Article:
We need to establish a few guidelines. It's probably easier to create rules for movies that you can watch over and over again.
So here are the criteria for a movie that does bear repeat viewings:
Comedies must still be funny. For instance, my brothers and I can watch "It's a Mad, Mad, Mad, Mad World" again and again and still laugh at it. "Big" gets very small after you've seen it a couple of times. No film made by Lorne Michaels and starring any SNL alumni bears repeat views.
Dramas must still grip your attention. "The Crying Game" is a Johnny One-Note--once you've figured it out, you're done. "The Sixth Sense" was just as interesting the second time around, since you got to catch all the things you missed on the first run.
Action films have to be fun to watch every single time. I was at a Wiz store once while they were showing "Jurassic Park" on the home theater system they were trying to sell. A crowd gathered around when the T-Rex scene began and stayed until the scene was over. If you find yourself fast-forwarding through any part of, say, "The Last Action Hero," it's a goner.
Tearjerkers have to make you cry each time you watch them, and no cheating with onions. This is obviously a women-only rule, as I don't know a single man (straight, that is) who enjoys a good tearjerker. Nearly every single classic 1930s and 1940s tearjerker fits this category. There are a few modern movies that I'll put in there ("Where the Heart Is," "Terms of Endearment," "Steel Magnolias"--except I always wanted Julia Roberts to die, so I can't really judge that one).
Science Fiction films: There are so few good SF films, I'm not even going to bother with this one. Its only criterion is it has to be good. Is there really anybody out there who is not a Scientologist who thinks "Battlefield Earth" should be viewed once, let alone multiple times? I thought not.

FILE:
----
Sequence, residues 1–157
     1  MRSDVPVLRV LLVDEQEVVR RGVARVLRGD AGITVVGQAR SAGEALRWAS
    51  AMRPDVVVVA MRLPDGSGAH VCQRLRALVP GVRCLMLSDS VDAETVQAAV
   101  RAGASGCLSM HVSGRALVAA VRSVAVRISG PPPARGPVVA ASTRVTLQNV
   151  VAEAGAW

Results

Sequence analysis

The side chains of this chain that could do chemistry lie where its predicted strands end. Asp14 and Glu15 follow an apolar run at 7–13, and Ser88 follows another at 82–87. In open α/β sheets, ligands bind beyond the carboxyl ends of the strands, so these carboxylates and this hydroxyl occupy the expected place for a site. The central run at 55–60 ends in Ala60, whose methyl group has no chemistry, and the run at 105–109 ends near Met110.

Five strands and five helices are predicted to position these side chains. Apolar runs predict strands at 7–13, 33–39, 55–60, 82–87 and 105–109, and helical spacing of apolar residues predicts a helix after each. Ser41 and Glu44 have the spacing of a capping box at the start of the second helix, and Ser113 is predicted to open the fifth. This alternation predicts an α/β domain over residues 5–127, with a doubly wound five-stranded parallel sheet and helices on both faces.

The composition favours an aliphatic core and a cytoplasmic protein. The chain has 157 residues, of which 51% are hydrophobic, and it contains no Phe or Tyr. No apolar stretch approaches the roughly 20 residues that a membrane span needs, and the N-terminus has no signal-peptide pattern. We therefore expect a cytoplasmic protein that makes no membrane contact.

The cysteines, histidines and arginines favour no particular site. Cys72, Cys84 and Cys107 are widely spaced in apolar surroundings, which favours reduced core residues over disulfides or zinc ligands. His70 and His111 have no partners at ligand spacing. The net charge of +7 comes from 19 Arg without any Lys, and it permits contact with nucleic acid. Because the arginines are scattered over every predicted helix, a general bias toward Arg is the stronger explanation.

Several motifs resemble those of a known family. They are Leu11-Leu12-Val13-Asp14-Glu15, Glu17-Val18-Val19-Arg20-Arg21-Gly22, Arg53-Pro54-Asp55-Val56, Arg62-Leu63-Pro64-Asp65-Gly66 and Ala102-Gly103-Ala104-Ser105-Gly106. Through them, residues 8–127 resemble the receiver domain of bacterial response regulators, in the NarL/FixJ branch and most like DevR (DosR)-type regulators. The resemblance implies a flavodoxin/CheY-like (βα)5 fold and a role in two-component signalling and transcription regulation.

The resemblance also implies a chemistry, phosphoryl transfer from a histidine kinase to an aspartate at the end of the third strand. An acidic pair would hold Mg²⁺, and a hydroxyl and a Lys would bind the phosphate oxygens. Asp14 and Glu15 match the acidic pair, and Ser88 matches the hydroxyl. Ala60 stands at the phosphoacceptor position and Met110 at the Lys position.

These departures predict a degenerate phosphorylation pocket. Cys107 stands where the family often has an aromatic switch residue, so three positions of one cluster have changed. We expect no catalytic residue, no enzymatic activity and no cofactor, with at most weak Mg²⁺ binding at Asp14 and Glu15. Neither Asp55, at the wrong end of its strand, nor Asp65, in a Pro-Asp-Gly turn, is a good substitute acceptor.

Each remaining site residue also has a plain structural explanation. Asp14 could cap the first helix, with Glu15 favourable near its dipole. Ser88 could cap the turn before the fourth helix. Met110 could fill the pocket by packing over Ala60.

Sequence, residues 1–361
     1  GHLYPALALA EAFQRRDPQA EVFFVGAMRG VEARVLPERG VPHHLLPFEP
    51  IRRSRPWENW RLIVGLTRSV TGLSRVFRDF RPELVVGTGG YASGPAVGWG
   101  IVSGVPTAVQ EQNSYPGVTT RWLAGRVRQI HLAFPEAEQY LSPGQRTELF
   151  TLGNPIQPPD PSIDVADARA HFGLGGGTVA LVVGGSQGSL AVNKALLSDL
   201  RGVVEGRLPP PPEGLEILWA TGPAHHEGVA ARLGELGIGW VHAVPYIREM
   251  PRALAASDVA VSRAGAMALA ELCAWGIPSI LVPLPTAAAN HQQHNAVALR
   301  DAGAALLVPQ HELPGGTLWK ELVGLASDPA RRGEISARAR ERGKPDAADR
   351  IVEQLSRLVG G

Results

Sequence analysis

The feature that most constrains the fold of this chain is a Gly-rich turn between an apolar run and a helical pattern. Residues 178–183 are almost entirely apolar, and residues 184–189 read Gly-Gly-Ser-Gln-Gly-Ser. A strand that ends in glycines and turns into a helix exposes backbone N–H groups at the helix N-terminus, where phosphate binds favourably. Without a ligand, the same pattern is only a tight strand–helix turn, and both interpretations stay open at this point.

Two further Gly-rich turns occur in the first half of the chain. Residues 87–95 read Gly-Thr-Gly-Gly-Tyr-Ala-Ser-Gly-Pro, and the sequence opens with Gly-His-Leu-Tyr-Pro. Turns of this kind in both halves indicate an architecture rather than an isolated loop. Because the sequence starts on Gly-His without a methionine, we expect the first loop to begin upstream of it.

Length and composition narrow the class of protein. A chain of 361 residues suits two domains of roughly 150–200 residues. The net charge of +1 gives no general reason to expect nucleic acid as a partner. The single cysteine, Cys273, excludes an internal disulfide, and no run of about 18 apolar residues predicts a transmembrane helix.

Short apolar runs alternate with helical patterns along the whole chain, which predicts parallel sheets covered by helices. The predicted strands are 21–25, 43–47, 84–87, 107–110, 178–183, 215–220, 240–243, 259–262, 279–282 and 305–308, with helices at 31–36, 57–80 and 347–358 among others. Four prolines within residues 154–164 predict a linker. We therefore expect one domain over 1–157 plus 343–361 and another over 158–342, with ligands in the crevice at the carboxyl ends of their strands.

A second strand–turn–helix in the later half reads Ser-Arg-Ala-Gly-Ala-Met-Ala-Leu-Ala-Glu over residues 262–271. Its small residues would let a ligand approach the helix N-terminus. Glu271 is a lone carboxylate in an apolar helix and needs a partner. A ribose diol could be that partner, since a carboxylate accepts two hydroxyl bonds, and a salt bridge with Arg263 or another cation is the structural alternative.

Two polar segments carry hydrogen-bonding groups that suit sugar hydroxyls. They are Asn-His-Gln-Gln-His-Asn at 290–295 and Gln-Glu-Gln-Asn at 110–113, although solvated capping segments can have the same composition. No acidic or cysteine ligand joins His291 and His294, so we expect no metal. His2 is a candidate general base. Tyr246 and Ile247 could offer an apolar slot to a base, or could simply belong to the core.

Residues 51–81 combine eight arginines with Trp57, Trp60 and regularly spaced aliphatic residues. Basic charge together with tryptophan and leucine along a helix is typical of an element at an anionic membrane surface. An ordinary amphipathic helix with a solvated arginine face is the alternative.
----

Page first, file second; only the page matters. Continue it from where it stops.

Slasher flicks: Don't watch 'em. Don't care.
Horror flicks: See above.
Suspense: Very, very few suspense films outside of Hitchcock can be successfully re-watched. "Silence of the Lambs" was one. I can't name too many more because I view suspense films as painfully as horror films. I really don't like to be scared.
Westerns: "Silverado" was excellent. It blended humor, adventure, and classic Western characters and situations, even though it was made in the 80s. "Unforgiven" is a once-only film. It felt like it was trying too hard to be a meaningful Western. Maybe that's why "Silverado" succeeded. It just was.
Animated: Must be older Disney (but not too old) or non-Disney. Most modern Disney (post-Beauty and the Beast) sucks. All animated films that go straight to video suck.
Films made from television shows: No film made from a television show can stand up to repeated viewings, and that includes the Trek films. Not one. Nuh-uh. Crapola. Okay, wait. Maybe STII and STVI. But no others.
Musicals: They have to be real musicals, not films with random songs in them. Most Rodgers & Hammerstein films, all Judy Garland non-Andy Hardy films work, and most of the Golden Age musicals. The last good recent musical: Cabaret. Worst remake of a musical: Barbra Streisand's version of "A Star is Born".
Romance: Sometimes tough to distinguish from tearjerkers, but there is a difference. Men still only bring their dates to these films because they're hoping to score points (or other things). "Sleepless in Seattle" was a good example of a fine romance. (There's a pun in there for you old-movie buffs.) "You've Got Mail" was a good example of a terrible romance. Hey, whaddya know? The same team that made the first made the second! Just goes to show you: Even good writers, producers, and actors can make a film that sucks.
I've run out of categories. Well. That was fun.--MAY